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Figure A.1: Cross-Spectral Analysis between Indian IIP and World Variables co-movements into those at short, me-

Smoothed periodogram of INIIP and USCOINCIDENT (log (Spectrum)) Smoothed periodogram of INIIP and AEIIP (log (Spectrum))

dium and long-term frequencies. How


-8 ever, as we are studying growth rate -13

-10 cycles, we must keep in mind that differencing is an asymmetric frequency

-15 -12

operation and may lead to the intro

-17 -14

duction of high frequency compo

-19 -16

nents (Iacobucci 2003). Moreover, since our data duration is short (197


-18 0.0625 0.5625 1.0625 1.5625 2.0625 2.5625 3.0625 3.5625 4.0625 4.5625 5.0625 5.5625 0.06 0.69 1.31 1.94 2.56 3.19 3.81 4.44 5.06 5.69 observations across 16 years of

Frequency bandwidth = 0.158 Frequency bandwidth = 0.158 monthly data), spectral estimations Squared coherency Squared coherency

may be biased. In spite of these limi


0.06 0.56 1.06 1.56 2.06 2.56 3.06 3.56 4.06 4.56 5.06 5.56 0.0625 0.5625 1.0625 1.5625 2.0625 2.5625 3.0625 3.5625 4.0625 4.5625 5.0625 5.5625

modified Daniell filter to generate the

Frequency Frequency

periodogram with scaled densities.


Second, we report spectral coherence (Table A.1), a frequency

1 Data Sources

domain analogue to the correlation coefficient. It is calculated as per

Table 8: Variable Definitions

Equation 4 where S1(k) is

Table A.1: Spectral Coherence with Indian IIP

Variable Source Unit Frequency Time period

the spectral periodogram

Variable Spectral Coherence

Indian IIP CMIE BB Index (1993=100) Monthly 1992-2008

of Variable 1 at frequency Low Freq Mid Freq High Freq

Gross BOP flows CMIE BB Percentage Quarterly 1985-2008 k, S2(k) is that of vari-Period 1: 1992-97

to GDP: India growth

able 2 and S12(k) is their US Coincident Ind 0.07 0.04 0.04 Indian exports to GDP CMIE BB Percentage growth Quarterly 1985-2008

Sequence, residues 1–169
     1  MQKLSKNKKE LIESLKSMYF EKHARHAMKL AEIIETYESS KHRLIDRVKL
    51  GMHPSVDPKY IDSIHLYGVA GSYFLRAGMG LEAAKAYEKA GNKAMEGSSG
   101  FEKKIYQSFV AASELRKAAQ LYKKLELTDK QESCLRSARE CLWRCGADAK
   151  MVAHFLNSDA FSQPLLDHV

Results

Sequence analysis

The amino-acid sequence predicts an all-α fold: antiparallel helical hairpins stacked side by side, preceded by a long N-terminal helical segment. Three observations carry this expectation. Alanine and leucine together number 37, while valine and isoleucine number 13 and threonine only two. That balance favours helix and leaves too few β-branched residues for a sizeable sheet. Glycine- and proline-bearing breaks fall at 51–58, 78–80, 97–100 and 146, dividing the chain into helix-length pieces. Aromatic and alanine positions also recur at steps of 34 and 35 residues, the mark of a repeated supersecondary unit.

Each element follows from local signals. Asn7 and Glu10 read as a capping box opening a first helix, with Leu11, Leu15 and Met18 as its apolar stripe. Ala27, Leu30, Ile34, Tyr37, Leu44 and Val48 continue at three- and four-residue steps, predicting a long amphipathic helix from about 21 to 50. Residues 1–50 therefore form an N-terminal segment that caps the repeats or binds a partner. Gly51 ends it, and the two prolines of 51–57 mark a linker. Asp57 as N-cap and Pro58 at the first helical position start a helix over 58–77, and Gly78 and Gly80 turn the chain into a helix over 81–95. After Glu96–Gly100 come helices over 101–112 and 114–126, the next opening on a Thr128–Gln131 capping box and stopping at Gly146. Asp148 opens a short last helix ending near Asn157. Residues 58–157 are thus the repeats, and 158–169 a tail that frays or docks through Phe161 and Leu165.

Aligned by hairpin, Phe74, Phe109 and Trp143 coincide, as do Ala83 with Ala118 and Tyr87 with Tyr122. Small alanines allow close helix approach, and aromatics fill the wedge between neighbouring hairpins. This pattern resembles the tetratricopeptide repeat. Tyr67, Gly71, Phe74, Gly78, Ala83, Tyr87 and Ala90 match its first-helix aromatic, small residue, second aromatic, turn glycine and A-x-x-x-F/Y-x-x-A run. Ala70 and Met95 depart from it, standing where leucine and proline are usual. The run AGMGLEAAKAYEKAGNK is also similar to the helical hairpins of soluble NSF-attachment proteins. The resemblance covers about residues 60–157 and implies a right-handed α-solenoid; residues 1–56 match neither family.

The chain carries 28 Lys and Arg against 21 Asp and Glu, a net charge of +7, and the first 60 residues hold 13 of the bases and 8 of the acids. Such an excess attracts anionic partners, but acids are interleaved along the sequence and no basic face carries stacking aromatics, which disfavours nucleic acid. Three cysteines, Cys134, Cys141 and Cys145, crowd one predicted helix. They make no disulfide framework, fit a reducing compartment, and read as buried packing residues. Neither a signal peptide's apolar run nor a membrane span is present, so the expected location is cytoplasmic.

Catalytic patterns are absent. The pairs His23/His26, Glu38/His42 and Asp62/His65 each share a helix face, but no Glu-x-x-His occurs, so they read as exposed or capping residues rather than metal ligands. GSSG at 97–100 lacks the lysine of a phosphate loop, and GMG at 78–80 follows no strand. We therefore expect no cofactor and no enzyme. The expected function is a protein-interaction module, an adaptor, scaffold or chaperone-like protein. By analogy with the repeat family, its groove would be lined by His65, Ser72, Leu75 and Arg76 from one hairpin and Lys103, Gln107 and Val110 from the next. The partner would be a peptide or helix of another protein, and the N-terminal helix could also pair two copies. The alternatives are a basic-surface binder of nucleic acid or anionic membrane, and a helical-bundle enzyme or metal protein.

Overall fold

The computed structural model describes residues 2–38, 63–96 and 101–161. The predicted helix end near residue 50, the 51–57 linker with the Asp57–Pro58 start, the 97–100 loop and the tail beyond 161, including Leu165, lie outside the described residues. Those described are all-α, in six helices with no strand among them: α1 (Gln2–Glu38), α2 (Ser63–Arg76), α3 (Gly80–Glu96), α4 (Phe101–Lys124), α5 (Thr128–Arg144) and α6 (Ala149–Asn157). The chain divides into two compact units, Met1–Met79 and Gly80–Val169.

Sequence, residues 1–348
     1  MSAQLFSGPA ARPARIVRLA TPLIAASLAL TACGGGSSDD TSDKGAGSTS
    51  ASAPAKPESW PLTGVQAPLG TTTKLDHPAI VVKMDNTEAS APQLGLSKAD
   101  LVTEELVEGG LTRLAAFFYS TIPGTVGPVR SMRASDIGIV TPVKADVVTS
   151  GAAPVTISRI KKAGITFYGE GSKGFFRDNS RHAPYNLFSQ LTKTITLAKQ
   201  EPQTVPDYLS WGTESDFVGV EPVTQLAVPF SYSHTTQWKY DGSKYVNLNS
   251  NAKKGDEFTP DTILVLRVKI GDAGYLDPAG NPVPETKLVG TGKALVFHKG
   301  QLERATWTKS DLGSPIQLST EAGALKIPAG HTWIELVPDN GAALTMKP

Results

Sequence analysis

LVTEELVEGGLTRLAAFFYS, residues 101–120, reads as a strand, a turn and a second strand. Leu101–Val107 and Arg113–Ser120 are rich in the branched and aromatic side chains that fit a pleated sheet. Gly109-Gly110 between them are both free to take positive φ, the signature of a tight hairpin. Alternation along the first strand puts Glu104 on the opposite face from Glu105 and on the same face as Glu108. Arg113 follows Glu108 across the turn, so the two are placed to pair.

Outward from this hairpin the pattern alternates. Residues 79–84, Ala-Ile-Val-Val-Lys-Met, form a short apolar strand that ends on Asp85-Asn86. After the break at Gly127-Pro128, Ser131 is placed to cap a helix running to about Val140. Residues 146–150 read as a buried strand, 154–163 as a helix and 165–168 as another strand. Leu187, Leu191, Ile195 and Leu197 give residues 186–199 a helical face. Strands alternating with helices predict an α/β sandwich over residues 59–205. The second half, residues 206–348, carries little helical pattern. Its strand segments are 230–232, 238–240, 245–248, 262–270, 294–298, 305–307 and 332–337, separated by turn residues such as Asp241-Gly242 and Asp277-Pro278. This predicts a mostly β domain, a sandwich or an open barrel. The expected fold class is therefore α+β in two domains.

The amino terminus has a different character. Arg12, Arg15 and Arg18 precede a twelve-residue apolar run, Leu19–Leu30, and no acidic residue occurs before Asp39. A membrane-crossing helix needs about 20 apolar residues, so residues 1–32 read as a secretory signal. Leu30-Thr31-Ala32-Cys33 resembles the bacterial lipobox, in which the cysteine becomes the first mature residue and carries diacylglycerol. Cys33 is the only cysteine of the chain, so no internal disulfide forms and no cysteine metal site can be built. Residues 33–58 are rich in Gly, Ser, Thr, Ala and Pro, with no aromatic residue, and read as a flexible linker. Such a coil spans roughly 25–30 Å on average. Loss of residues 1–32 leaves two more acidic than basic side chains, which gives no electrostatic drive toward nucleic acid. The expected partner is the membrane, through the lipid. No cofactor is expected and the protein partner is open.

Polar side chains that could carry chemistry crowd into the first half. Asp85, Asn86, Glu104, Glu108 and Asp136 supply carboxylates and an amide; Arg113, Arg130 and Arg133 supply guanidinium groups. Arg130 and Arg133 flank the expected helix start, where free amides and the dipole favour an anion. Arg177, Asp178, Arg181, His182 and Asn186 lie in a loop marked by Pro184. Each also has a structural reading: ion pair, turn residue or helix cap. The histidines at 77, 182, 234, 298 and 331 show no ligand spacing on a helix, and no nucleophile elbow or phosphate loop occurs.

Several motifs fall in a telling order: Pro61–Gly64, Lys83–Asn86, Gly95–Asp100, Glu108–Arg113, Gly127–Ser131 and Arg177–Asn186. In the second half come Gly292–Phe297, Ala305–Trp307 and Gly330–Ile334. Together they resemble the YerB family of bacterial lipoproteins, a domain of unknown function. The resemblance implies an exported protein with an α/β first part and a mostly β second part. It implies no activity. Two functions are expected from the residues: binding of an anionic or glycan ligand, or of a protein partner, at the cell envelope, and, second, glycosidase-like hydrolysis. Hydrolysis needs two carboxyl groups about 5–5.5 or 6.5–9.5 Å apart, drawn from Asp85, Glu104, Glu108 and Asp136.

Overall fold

cross-spectrum. Based on Adv Ec IIP 0.03 0.02 0.06 CMIE COSPI Index CMIE BB Index Weekly 1992-2008 growth rate cycle perio-

Period 2: 1997-2003 Indian corporate profit CMIE Prowess Percentage Quarterly 2000-2005 dicities (roughly between US Coincident Ind 0.08 0.18 0.15

after tax growth

12 and 24 months), low

Adv Ec IIP 0.05 0.64 0.35

Indian merchandise CMIE BB Percentage Quarterly 2000-2005 frequencies are identi-Period 3: 2003-08

exports growth

fied as those with 0.5 or

US Coincident Ind 0.1 0.69 0.51

Indian corporate CMIE Prowess Percentage Quarterly 2000-2005 less cycles per year, mid-Adv Ec IIP 0.26 0.68 0.42

revenue growth growth range as those between 1 Full period: 1992-2008

US coincident The Conference Index Monthly 1992-2008 and 0.5 cycles per year indicator Board (2004=100) US Coincident Ind 0.02 0.12 0.08

and high greater than 1 Advanced economies IMF-IFS Index Monthly 1992-2008 cycle per year. Adv Ec IIP 0.21 0.11 0.19 IIP (1999=100)

Kˆ (k)=S12(k)/ √ Sˆ (k) Sˆ (k)

US S& P Yahoo Finance Index Weekly 1992-2008 1212

UK FTSE-100 Yahoo Finance Index Weekly 1992-2008

It can be seen that both sets of results indicate business cycle

Japan Nikkei-225 Yahoo Finance Index Weekly 1992-2008

synchronisation, and the mean coherence estimates over the three US IIP FRED Database Index (1999=100) Monthly 1992-2008 sub-samples indicate that this synchronisation has been increasing World trade IMF-IFS USD Billion Monthly 1992-2008 over time. Following RBI (2006), we consider a coherence of greater

that 0.30 as an indication of significant co-movement. It can be seen

2 Spectral Analysis

that the coherence at the mid-range frequencies over the period Spectral analysis provides a frequency domain complement to cross-2003-08 are 0.69 and 0.68, respectively, and that coherence across correlation analysis, with the advantages of being able to decompose this range of frequencies has been increasing over the period 1992-2008.

116 october 31, 2009 vol xliv no 44

tations, a frequency domain perspec-tive does provide further insight into business cycle co-movements. First, we present cross-spectral periodograms (Figure A.1). Periodograms are estimat-ed via a Discrete Fast Fourier Trans-formation, and then smoothed with a 0 0.2 0.4 0.6 0 0.2 0.4 0.6 0.8